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Santa Barbara International Film Festival’s 12th annual Virtuosos Award
Virtuosos Charm Arlington Audience
Moderator Dave Karger Kept Night Fun, Informative
Friday, February 8, 2019
Last night at The Arlington Theatre marked the Santa Barbara International Film Festival’s 12th annual Virtuosos Award, and the excitement was palpable. A long line wrapped itself around the theater in the cold evening as eager film fans vied for a chance to see seven of Hollywood’s latest breakout stars. The eighth honoree, Academy Award Best Actress nominee Yalitza Aparicio, collected her award last week to tumultuous applause after a screening of Roma, as director Alfonso Cuarón looked on. Aparicio spoke of her role as an indigenous woman of color in Hollywood, and her humility charmed the crowd as easily as her natural talent on screen stunned.
Tuesday’s event, however, was moderated by Turner Classic Movies host Dave Karger, who began the celebrations with Steven Yeun (AMC Series The Walking Dead, Okja, Sorry to Bother You). Yeun’s latest performance in the Haruki Murakami–based Korean drama Burning continues to receive international acclaim. Yeun spoke about the impact of his upbringing as a Korean-American in his preparation for the film, which is his first major foreign-language role. “The eyes of my parents were boring over my head,” he laughed, before crediting his background as an Asian-American immigrant for his ability to remain in an ambiguous space as a person and actor. “I felt alien everywhere. It was wonderful. No one else can re-create that.” Yeun spoke eloquently about this ambiguity (possibly due to the hours of discussing philosophy with Burning director Lee Chang-dong during film spadework) and demonstrated this openness to the unknown when considering new genres and roles for his next projects.
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John David Washington
Next, John David Washington took center stage. He recounted how he dove into the world of the ’70s music and art to perfect his perfectly groovy, KKK-infiltrating Ron Stallworth in BlacKkKlansman, which he noted as a film of rich and important history: “That dance sequence? That was not a stunt double — that was me!” Considering his father is actor Denzel Washington and director Spike Lee personally offered him the lead role in his movie, it is easy to assume Washington would not be one to fear failure, but Washington reflected on his somewhat less-than-illustrious career in the NFL and how it continues to follow him. “It was like something you worked on your whole life and it doesn’t work out.” Washington remained aware of the fickleness of the business, noting this paranoia of potential failure that continues to fuel his work ethic in the acting world.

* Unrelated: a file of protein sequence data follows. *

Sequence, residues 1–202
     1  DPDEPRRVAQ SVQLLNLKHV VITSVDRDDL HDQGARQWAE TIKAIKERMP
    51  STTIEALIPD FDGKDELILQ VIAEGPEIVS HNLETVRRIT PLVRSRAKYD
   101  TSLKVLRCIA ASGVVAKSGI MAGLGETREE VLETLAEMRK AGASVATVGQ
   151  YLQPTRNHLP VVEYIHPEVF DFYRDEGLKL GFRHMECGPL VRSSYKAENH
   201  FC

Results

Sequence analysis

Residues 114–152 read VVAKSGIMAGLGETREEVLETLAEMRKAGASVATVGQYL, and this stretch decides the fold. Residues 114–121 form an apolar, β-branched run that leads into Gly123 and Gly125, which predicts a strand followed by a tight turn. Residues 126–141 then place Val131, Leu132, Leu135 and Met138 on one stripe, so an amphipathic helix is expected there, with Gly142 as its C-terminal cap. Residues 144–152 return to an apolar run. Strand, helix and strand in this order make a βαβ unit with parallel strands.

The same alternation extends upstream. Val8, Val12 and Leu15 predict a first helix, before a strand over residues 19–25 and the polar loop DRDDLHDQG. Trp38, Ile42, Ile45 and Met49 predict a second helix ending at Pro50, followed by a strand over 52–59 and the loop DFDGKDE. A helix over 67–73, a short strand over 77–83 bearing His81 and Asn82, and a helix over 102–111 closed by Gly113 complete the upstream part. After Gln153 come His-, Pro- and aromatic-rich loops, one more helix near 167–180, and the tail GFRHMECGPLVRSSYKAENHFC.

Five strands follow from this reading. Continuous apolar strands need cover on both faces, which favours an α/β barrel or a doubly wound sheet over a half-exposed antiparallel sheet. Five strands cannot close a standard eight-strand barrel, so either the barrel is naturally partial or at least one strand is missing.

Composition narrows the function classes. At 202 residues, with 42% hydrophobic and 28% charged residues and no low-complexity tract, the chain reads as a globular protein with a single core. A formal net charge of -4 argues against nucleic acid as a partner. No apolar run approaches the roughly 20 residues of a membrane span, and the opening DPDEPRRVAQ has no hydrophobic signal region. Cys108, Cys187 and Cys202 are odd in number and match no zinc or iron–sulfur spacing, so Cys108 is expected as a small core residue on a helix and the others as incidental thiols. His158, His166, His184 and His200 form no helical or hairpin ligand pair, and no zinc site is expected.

Then, in a sweet moment of excitement, 18-year-old Thomasin McKenzie pointed up to herself on the big screen as she walked across the Arlington stage before taking her seat opposite Karger. Her Kiwi twang surprising all (she employs a flawless American accent in her critically adored role in Leave No Trace), McKenzie looked ahead in her career and hopes to continue to tell authentic stories. “There’s an important pressure to do it right and represent the people right,” she said. Despite whatever genetic predisposition she has toward the craft — McKenzie is the third generation of actresses in her family — she remains a normal, down-to-earth teenager, her eyes widening when talking about the animals she got to work with on the set of Leave No Trace: “If you ever get the opportunity to work with bees, do it!”
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